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Since the Marlins were founded in 1993, 17 different pitchers have taken the mound on Opening Day. Beckett and Johnson edged ahead of the pack, with each making three appearances, all consecutively. Beckett made his run between 2003 and 2005, going 2-1, while Johnson carried the mantle between 2010 and 2012, and going 1-2. When Sandy Alcantara takes the ball in 2021, he’ll become the 7 th Marlins pitcher with two consecutive Opening Day starts (not including Beckett or Johnson).


Milwaukee Brewers: Ben Sheets (6)

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Sheets made his first Opening Day appearance for the Brewers at the ripe old age of 23 in 2002 and on the heels of an All-Star rookie campaign the previous season. He would go on to start the next five seasons on the hill for the Brewers, before extending his record to six in 2007. Lifetime, he never was credited with a loss on Opening Day, going 3-0 with the Brewers winning five of his six outings.


Minnesota Twins: Brad Radke (9)

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Surprisingly, it is not Burt Blyleven or Frank Viola that holds this mark, nor is it Johan Santana or Jim Kaat. Instead, it is Radke, who took the ball first in eight out of nine seasons between 1996 and 2005. Over the course of the run, he went 4-2 with three no-decisions. It should be noted that this record applies only to the Twins Minnesota run, as their full franchise history runs back to their Washington Senators days, where the great Walter Johnson had an MLB record-tying 14 opening day appearances.


New York Mets: Tom Seaver (11)

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Between 1968 and 1977, no other pitcher took the ball for the Mets to open a season. Over the course of his run atop the Mets rotation, he went a record 6-0, with the Mets not losing to start a season over the course of his last nine Opening Day outings. Much to Tom Terrific’s credit, between 1968 and 1983, no Mets starting pitcher was credited with an Opening Day loss.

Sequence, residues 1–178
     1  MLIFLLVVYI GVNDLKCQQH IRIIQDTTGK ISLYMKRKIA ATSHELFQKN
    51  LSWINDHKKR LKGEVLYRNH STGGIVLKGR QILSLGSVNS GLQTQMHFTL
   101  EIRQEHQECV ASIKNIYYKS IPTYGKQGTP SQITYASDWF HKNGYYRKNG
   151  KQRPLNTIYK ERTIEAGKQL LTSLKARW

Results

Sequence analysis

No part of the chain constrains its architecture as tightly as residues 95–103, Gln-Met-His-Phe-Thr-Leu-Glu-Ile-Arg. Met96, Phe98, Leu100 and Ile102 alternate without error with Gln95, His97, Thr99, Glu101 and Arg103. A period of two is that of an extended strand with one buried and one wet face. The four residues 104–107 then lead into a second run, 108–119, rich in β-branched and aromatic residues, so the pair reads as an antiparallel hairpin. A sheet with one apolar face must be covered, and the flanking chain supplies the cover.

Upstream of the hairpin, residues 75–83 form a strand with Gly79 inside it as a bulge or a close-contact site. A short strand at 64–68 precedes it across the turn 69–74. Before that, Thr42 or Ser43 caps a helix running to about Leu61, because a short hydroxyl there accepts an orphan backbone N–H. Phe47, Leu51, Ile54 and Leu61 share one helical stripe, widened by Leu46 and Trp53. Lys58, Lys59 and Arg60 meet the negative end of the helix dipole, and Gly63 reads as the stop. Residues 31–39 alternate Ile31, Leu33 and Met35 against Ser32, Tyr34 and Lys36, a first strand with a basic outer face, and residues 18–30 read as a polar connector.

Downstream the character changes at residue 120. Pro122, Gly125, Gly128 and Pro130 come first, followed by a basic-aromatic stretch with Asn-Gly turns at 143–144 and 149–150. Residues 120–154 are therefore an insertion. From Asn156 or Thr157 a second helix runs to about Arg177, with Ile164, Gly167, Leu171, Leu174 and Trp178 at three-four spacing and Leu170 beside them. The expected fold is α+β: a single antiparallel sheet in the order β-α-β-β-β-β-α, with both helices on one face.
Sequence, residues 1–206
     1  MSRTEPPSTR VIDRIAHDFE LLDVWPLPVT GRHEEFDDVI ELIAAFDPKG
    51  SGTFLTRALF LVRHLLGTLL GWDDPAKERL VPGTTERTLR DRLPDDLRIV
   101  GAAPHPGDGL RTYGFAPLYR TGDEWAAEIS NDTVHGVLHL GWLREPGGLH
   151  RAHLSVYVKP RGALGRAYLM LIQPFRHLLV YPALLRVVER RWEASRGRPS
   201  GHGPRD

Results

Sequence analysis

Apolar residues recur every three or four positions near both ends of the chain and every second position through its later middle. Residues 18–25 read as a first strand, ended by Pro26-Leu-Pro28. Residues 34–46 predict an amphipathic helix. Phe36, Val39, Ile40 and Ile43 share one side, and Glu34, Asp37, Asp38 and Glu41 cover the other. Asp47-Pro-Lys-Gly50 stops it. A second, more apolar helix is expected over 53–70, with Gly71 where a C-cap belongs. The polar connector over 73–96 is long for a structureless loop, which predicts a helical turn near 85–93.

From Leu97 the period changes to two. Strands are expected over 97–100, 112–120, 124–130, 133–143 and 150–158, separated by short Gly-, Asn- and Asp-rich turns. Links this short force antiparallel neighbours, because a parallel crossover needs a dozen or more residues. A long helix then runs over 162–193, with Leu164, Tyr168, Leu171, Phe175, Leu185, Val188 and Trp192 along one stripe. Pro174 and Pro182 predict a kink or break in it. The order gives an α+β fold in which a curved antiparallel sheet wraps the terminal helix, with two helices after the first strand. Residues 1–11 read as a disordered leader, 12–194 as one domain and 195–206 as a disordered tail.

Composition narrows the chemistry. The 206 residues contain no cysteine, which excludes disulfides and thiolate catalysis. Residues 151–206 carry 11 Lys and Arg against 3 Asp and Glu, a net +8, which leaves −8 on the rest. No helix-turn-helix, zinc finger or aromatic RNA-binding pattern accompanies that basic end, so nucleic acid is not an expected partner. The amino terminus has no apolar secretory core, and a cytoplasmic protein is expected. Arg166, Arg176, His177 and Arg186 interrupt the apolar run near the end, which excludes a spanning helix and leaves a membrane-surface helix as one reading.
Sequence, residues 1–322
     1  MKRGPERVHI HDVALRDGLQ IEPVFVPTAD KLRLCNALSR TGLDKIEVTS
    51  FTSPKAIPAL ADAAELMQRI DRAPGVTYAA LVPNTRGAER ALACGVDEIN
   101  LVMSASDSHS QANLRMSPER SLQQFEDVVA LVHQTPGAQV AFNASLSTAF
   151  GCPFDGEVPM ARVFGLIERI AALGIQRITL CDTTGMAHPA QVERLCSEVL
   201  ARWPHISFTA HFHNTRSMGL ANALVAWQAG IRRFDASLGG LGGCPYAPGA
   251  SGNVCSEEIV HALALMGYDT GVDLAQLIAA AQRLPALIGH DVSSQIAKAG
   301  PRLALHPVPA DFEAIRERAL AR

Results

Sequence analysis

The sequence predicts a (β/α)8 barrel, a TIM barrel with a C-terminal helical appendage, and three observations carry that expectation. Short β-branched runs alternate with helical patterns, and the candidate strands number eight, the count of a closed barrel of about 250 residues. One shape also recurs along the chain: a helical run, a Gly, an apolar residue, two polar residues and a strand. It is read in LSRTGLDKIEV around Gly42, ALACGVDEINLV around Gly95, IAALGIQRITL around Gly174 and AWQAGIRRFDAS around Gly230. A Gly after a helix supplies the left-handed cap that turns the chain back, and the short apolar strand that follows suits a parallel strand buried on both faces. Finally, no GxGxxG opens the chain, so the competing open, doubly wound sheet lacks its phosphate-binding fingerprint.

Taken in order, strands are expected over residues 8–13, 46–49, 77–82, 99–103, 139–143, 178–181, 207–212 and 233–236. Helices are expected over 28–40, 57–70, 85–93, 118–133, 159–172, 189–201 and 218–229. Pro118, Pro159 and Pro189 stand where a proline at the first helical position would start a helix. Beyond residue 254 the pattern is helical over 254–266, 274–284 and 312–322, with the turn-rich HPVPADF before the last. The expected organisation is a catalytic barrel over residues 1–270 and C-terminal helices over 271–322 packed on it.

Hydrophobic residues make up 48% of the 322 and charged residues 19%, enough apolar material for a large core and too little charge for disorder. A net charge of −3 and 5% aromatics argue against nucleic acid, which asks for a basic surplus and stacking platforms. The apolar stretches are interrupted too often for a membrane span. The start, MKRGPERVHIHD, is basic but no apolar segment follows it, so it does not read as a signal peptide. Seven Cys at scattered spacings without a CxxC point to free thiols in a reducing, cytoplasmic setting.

New York Yankees: Whitey Ford, Mel Stottlemyre & Ron Guidry (7)

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Representing three distinctive eras in Yankee lore, this trio of hurlers each are tied for season-opening honors. Ford (above) made his first Opening Day start in 1954 and his final one in 1966. The following season, Stottlemyre made the first of four consecutive appearances and would hold the honors for six of the next seven years. Finally, starting in 1978, Guidry made his first Opening Day call to the mound and would do so in six of the next seven years.


Oakland Athletics: Dave Stewart (6)

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Outdoing Rick Langford by one appearance, it is Stewart who has gotten the call to the mound more than any other Oakland A’s hurler to start a season. He made five consecutive Opening Day appearances between 1988 and 1992, picking up a sixth in 1995. Stewart was some kind of lucky charm to jump-start a season, with the A’s advancing to the postseason four times and the World Series three times during his tenure.


Philadelphia Phillies: Steve Carlton (14)

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Carlton’s 14 Opening Day starts are the most in history for any active franchise and tied with fellow Hall of Famer Walter Johnson for the most by a pitcher all-time. Between 1972 and 1986, Lefty kicked off the season for the Phillies in all but once, when Jim Kaat did so in 1976. The Phillies are the only franchise in history with two pitchers to make double-digit Opening Day starts, with Robin Roberts having 12 of his own between 1950 and 1961, all consecutively.


Pittsburgh Pirates: Bob Friend (7)

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A vast variety of pitchers have taken to the mound on multiple occasions throughout the 139-year history of the Pirates. 16 different pitchers have made at least three Opening Day appearances, but it is Friend who has held the honor the most times. Between 1954 and 1962, he got the call seven times, with the Pirates going 3-4 with him on the hill to start the year.